The winner of the “strong image” category is an iconic brand with a cult-like following, Apple. Though only a fraction of the size of the PC powerhouse, and category winner, Dell, Apple’s marketing has successfully established itself in peoples’ minds as having a unique brand image.
Runners-up BMW and Mercedes both also expend a lot of their marketing efforts on differentiating themselves and their products from rival automotive companies, which were rewarded with high strong image scores. The respondents also rewarded two iconic cereal brands, Shredded Wheat and Kellogg with top five spots in the strong image attribute.
needs Finally, the winner of the “understanding customer needs” attribute is premium grocer, Waitrose. One of the innovators in understanding customer needs and wants, and then providing it in an easily accessible and user-friendly manner won our respondents vote. Air Emirates, Boots and Saga were also recognised by the respondents as being top in understanding customer needs.
Age, gender and trust?
Not surprisingly, younger and older, men and women, tend to have their differences in whom they trust. For instance, older respondents (65-plus) warm to the brands Typhoo Tea, and Vauxhall, whereas respondents under 35 prefer PG Tips and Ford. Younger respondents trust Clinique cosmetics whereas older prefer Boots. Women trust Kodak cameras, whereas men prefer Sony, and men trust Shell petrol whereas more women prefer Esso.
Though there are many brands the young or old may disagree upon, there are many where they agree they are trusted. For example, Cadbury, Colgate and Kellogg are equally trusted by both old and young. And men and women similarly both like Nescaf鬠Cadbury, Colgate and Nokia.
This similarity in which brands we most trust should come as no surprise. There are some brands that are without doubt marketed to males (Lynx) or to women (Avon), to younger customers (Egg credit card) or to older (Saga insurance), but for most people the brands they most trust are very similar. These top brands earned their status by consistently providing a good product or service to the greatest number of people.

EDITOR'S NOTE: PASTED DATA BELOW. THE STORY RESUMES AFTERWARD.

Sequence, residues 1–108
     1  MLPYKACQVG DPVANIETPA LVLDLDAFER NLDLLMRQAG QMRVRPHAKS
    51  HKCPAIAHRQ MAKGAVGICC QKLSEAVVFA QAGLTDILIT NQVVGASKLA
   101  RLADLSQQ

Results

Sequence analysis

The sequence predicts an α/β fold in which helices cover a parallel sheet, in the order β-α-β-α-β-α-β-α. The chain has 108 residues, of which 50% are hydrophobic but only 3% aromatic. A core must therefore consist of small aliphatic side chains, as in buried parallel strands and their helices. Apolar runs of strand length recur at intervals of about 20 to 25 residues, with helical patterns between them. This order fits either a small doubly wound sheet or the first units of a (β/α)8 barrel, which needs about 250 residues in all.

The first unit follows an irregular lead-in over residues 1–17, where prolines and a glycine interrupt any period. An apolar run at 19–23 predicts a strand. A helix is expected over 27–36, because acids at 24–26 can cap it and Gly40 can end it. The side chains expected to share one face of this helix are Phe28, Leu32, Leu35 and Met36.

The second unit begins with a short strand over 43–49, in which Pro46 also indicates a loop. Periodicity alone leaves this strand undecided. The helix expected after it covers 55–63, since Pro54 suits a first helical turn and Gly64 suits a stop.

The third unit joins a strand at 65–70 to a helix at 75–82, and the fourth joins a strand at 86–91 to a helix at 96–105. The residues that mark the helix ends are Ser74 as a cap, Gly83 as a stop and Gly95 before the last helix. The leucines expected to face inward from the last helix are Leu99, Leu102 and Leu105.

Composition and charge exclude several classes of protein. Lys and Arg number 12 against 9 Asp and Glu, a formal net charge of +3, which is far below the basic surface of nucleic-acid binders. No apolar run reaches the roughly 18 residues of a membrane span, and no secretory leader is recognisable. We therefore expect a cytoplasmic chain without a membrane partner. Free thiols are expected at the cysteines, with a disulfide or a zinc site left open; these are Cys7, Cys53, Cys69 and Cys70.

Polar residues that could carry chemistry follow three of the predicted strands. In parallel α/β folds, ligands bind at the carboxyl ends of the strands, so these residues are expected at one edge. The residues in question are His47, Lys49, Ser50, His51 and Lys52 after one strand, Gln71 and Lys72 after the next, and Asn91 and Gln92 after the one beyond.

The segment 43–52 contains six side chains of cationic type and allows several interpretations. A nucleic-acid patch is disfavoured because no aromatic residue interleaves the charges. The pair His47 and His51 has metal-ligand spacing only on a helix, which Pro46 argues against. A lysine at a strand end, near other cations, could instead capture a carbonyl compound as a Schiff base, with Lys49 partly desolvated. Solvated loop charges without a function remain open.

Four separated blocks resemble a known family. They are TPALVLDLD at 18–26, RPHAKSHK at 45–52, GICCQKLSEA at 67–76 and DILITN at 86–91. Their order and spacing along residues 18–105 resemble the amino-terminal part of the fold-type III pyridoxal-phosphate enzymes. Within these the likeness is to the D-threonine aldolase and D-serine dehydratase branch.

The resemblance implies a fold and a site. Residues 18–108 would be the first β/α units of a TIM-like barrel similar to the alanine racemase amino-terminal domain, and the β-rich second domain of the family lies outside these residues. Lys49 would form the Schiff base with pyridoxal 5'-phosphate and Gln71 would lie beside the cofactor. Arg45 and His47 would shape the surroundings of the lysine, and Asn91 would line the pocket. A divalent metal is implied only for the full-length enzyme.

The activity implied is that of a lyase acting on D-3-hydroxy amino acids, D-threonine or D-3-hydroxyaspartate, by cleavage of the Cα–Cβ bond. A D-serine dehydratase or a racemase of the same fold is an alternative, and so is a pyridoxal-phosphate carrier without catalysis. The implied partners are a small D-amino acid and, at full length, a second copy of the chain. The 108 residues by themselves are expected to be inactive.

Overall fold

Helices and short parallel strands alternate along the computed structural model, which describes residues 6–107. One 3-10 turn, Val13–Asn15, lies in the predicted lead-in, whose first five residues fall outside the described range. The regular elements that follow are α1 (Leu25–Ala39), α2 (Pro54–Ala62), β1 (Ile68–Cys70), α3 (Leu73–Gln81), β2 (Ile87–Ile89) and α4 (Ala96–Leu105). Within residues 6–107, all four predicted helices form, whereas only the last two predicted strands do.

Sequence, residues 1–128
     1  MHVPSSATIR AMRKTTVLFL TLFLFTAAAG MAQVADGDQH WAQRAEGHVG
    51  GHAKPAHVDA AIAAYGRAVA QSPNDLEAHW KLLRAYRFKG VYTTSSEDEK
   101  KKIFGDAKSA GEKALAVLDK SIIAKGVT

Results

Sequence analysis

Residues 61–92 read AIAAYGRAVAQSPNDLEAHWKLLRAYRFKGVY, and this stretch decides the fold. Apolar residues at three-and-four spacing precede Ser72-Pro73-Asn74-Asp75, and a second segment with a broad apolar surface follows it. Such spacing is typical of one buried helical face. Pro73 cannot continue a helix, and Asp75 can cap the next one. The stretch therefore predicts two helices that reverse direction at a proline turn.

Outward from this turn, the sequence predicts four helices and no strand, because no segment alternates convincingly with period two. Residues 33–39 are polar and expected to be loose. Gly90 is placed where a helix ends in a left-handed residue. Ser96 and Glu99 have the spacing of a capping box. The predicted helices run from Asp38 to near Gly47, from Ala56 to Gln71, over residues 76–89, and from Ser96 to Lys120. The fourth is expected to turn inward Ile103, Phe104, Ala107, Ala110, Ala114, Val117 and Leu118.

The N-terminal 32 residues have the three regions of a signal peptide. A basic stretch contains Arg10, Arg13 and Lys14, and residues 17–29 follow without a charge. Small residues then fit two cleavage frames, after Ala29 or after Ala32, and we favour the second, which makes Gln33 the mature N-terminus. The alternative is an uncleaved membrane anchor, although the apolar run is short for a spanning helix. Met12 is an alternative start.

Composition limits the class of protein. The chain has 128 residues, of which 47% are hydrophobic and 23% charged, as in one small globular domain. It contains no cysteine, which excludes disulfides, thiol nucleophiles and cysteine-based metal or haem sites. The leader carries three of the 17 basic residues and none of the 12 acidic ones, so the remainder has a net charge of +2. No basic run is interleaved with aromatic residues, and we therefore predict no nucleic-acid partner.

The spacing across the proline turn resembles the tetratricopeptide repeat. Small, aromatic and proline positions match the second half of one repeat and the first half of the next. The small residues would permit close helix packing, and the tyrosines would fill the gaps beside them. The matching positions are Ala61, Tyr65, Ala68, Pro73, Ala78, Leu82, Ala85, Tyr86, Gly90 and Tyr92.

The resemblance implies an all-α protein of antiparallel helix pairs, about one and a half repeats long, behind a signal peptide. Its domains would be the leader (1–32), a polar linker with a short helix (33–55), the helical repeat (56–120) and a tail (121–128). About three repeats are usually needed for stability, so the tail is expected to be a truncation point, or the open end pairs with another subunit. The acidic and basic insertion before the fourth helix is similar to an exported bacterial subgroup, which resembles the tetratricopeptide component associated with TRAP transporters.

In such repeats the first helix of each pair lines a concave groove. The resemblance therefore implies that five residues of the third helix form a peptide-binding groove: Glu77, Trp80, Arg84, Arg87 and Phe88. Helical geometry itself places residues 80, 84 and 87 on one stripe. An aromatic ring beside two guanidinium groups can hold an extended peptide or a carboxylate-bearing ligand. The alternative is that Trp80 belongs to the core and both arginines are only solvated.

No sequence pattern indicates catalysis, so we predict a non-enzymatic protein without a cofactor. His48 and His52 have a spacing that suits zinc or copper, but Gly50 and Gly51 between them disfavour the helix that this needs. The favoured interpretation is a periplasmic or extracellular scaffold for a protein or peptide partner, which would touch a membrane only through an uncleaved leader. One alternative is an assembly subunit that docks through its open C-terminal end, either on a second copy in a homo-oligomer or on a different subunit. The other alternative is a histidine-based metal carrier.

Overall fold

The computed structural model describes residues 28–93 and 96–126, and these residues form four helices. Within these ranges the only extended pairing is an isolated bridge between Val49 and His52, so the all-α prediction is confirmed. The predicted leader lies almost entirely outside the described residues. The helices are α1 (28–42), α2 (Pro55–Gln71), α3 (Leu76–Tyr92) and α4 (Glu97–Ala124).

Whom do you trust?
Beyond the brands we buy or recommend we also need to trust the various professional people we come into contact with. Though hopefully we don’t have to have too much need for the services of firefighters or pharmacists, it is important that we trust them so when our home catches fire, or we fall ill, we can believe they are going to do their job competently.
But, as you can imagine, not every profession engenders the same degree of trust. We trust our airline pilots, doctors, nurses, firefighters and pharmacists because they do an excellent job, and when we do, we literally trust them with our lives. We don’t often have the luxury of time to “shop around” for a firefighter or a pilot when we need one. You take what is given to you and trust that they are going to do their job correctly. Fortunately, the great majority of the time they do.
With other professions, such as financial advisers, lawyers or travel agents, we do have more of a choice who we choose to do business with, and sometimes the outcome of those interactions is less than we would have desired.
For other professions, car salesman and politicians, we have virtually no trust. Our trust in the various professions has not changed all that greatly over the past six years; police have regained the degree of trust we had in them in 2002, and politicians continue to let us down.
The brands we trust say a lot about who we are, and where we are. In a time of greater globalisation, some brands have not yet gained the trust of all of us in Europe. Some categories, such as banking or cold remedies, do not have a dominant most trusted brand across Europe. It is surprising that in the banking sector, which contains such names as Citibank, HSBC and Swiss UBS, that no single bank was most trusted in more than one country.
Although each country has a tendency to have a local favourite as their most trusted brand, there are two brands that seem able to cross these geographical boundaries. German brand Nivea, for example, was consumers’ most trusted skincare product in 15 countries, as was Nokia in the mobile handset category. With just two accomplishing this in the whole survey, it shows how far the others must come.
Michael M Cassidy, head of market research at Reader’s Digest Association, contributed to this week’s Trends Insight